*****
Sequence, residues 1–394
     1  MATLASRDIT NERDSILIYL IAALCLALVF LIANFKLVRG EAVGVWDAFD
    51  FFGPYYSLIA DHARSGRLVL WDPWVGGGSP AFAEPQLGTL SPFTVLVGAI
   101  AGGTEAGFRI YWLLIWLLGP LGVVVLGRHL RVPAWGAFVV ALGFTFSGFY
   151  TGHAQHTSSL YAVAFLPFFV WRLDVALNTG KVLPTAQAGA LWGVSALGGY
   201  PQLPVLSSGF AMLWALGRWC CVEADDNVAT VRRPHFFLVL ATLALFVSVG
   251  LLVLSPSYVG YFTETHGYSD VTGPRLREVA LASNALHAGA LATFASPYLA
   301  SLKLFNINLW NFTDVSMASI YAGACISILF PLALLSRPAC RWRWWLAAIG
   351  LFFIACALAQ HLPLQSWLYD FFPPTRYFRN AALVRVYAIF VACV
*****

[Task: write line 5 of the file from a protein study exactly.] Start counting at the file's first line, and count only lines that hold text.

   151  TGHAQHTSSL YAVAFLPFFV WRLDVALNTG KVLPTAQAGA LWGVSALGGY